Accurate Credit Transactions Act (Public Law No. 108-        cards unless the report user verifies the identity of the
159 (2003)) (FACTA), enacted in December 2003,               person making the request. According to Texas’ Office
establishes a nationwide system of fraud alerts. It          of Consumer Credit Commissioner, its December 2004
requires nationwide credit reporting agencies to include a   report to the legislative leadership should include an
fraud alert in a consumer’s files for at least 90 days if    analysis of which, if any, potentially conflicting state
Page 6                                                                                House Research Organization


provisions dealing with identity theft are preempted by          Legislature did authorize DPS to create a Driver License
the federal law.                                                 Division Fraud Unit that, according to DPS, is working
                                                                 with federal and local law enforcement offices to
   The federal law also requires credit reporting agencies       investigate cases involving identity theft, sale of personal
to provide one free credit report each year to consumers         information, counterfeiting government documents, and
who request them and to give additional free copies of           tampering with governmental records as they relate to
their files to consumers while the files contain fraud           driver’s licenses. In testimony before the Senate Criminal
alerts. These provisions apply to the states according to        Justice Committee in August 2004, DPS recommended
staggered deadlines and will be available to Texas               that the 17-person unit receive additional manpower to
consumers beginning June 1, 2005.                                address the growth in identity fraud and theft.

    Printing credit card numbers on receipts.                        DPS also said that it will seek approval during the
Both state and federal law restrict the printing of credit       79th Legislature to incorporate image verification
card numbers on receipts, but the two provisions may be          technology into its re-engineered driver’s license system.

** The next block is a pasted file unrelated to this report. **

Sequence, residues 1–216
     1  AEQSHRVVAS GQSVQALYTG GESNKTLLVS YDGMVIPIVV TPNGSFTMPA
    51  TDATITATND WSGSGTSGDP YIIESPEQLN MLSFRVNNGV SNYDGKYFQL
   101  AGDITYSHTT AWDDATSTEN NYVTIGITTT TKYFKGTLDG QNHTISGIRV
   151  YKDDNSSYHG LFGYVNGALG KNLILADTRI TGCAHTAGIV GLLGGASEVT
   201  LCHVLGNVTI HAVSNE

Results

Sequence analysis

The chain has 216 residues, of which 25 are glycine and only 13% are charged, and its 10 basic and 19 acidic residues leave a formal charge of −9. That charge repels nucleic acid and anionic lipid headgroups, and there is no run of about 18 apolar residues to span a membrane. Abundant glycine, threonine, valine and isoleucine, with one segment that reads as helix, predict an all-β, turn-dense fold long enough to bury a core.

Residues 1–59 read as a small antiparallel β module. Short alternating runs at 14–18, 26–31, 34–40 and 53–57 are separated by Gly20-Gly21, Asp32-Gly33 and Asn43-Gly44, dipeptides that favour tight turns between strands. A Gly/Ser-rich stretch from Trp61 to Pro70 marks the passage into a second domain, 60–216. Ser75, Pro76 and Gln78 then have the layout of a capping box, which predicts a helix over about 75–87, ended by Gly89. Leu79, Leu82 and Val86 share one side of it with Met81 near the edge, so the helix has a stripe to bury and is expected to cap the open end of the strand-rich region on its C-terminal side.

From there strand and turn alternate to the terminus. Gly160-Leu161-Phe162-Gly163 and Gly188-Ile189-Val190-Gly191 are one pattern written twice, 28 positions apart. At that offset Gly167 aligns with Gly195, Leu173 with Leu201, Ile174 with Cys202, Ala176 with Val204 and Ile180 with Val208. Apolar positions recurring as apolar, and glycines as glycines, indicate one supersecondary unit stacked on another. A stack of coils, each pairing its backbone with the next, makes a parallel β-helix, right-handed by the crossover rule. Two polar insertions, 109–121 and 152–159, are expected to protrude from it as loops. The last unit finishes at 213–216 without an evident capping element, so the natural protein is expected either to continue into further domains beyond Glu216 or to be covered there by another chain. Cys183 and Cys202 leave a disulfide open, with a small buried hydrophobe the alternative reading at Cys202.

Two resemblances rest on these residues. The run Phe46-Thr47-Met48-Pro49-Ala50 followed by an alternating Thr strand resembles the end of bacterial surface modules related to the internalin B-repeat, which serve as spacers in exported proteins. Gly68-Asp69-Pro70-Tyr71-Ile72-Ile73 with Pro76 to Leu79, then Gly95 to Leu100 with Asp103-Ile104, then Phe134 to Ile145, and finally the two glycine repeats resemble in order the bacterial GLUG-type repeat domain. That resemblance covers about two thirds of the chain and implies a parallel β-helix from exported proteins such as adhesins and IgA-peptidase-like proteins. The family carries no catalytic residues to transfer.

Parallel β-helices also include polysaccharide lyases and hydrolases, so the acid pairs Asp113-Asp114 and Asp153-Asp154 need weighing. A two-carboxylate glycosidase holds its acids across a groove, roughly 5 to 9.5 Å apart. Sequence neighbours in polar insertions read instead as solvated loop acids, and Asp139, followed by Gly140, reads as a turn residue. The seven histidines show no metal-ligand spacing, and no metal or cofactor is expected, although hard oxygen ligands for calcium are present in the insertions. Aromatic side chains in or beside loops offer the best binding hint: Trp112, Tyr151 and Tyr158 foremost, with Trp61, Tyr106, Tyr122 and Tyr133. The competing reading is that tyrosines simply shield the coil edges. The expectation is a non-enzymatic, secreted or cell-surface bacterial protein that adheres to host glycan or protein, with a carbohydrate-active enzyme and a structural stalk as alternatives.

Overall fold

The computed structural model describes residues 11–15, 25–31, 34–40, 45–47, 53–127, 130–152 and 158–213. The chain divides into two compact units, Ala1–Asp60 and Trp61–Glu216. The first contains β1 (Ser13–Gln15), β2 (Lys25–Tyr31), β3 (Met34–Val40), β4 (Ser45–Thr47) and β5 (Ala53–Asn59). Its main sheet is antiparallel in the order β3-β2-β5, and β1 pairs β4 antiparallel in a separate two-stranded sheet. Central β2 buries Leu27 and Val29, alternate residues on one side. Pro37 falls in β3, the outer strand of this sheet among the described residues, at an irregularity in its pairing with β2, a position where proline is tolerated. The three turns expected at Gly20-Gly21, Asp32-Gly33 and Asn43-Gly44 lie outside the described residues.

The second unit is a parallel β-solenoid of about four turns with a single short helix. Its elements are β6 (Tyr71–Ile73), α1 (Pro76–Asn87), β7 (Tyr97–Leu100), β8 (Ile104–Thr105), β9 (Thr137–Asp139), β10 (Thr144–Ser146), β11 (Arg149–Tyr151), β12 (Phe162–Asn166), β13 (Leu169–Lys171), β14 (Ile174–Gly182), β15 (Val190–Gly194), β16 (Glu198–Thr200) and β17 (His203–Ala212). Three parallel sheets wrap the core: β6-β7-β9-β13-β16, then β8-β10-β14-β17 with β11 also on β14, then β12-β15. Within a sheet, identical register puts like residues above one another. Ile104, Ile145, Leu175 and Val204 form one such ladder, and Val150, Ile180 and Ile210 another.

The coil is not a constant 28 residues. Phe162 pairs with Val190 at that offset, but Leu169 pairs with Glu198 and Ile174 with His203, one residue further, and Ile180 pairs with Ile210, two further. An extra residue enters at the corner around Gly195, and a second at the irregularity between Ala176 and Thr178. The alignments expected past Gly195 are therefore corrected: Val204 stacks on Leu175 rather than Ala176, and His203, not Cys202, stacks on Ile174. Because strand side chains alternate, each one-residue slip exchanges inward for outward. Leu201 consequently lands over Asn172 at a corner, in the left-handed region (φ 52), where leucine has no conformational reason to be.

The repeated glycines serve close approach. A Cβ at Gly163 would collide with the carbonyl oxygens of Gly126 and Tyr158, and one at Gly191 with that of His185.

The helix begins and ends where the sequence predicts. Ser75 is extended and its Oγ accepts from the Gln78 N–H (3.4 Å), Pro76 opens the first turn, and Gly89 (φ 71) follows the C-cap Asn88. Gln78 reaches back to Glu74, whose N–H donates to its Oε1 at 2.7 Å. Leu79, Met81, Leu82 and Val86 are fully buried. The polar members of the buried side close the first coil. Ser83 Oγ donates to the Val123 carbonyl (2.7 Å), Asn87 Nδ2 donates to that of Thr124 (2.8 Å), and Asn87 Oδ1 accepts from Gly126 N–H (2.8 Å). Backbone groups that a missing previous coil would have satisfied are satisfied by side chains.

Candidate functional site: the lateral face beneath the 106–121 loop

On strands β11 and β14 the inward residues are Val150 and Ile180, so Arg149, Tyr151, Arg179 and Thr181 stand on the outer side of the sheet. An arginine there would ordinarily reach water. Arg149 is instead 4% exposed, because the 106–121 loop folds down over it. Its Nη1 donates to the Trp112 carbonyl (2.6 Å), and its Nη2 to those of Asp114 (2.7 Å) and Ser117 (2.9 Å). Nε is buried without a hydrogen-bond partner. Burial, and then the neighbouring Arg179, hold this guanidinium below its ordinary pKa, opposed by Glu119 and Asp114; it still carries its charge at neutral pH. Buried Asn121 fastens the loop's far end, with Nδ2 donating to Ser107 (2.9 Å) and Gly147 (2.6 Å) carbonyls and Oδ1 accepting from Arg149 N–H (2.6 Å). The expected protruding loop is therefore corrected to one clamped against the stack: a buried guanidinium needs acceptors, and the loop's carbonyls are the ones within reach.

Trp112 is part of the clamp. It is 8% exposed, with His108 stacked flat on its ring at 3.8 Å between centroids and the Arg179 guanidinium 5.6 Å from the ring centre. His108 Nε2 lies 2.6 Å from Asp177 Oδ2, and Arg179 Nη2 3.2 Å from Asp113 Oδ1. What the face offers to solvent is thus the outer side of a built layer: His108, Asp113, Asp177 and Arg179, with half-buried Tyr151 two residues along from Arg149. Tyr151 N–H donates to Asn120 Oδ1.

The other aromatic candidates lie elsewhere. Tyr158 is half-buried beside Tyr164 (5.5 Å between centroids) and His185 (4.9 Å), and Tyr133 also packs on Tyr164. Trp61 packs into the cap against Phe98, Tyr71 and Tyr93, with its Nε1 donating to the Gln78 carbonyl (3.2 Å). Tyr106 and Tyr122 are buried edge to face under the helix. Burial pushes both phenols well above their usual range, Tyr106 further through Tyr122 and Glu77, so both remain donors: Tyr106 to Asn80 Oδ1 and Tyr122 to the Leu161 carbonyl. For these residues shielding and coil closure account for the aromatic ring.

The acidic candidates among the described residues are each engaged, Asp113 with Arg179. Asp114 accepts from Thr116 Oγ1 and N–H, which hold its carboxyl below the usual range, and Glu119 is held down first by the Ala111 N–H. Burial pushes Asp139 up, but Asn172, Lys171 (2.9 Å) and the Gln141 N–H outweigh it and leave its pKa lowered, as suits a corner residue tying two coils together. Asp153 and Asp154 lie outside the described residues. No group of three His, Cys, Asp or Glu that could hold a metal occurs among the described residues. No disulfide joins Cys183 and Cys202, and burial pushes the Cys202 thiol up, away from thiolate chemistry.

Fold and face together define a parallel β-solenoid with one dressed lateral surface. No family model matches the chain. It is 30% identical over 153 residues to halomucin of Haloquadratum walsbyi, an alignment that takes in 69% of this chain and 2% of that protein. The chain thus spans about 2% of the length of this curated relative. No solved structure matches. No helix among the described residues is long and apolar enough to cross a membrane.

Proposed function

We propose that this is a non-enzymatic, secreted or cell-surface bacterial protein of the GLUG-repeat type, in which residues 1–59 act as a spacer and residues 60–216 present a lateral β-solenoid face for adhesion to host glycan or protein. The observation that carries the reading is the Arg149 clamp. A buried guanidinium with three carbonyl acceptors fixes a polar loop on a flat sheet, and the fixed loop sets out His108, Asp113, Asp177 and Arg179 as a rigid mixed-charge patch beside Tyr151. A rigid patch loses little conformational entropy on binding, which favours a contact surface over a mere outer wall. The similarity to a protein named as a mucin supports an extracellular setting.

in conflict. In SB 235 by Fraser, the 78th Legislature           This technology, according to DPS, would allow the
prohibited the printing of more than the last four digits of     department to compare photographs in its database of
a credit or debit card account number or the month and           license and identification card holders to identify persons
year of the card’s expiration date on a receipt for a            holding multiple records and to verify an applicant’s
transaction and made violators of the new restrictions           identity when issuing a license.
civilly liable to consumers. Violators of this prohibition are
liable to the state for a civil penalty of up to $500 for           In addition, some Texas financial institutions and law
each month a violation occurs, but the penalty cannot be         enforcement agencies, including DPS, are cooperating
imposed for more than one violation per month.                   through the Loss Avoidance Alert System to alert each
                                                                 other about potentially illegal actions, including identity
   FACTA, enacted after the new Texas law, requires              theft. For example, if one organization learned of an
that no more than the last five digits of credit and debit       identity thief passing forged checks, that organization
card numbers be printed on a receipt. As with other              could alert members of the system via e-mail to watch
provisions in FACTA, some analysts believe that federal          for checks that originate from the stolen account.
law may preempt state law in this case.

    Law enforcement. A proposal that was not                     Proposals to change criminal laws
enacted during the 78th Legislature would have required
peace officers who received a report of identity theft to           Prosecuting identity theft without intent to
make a written report and provide the victim with a              harm or defraud. Under Penal Code sec. 32.51, the
copy. Some identification theft victims report problems          Texas statute that deals most directly with identity theft,
obtaining police reports from law enforcement. Without           a person must possess or use another’s identifying
these reports, it can be difficult for victims to convince       information with intent to harm or defraud another. Some
creditors that they should not be held responsible for           law enforcement officers say that it can be difficult to
unauthorized purchases. Others point out that decisions          prove the intent of a thief who possesses stolen identity
about when to generate police reports are best left to           documents but has not yet used them. One proposed
the discretion of officers who can determine the merits          solution would institute a presumption of harm or fraud if
of each case. The FTC has developed an identity theft            the accused thief possessed the identity of more than
affidavit that can be used by victims for reporting their        one other person.
cases to creditors, which is available online by clicking
here.                                                                According to supporters, this proposal would allow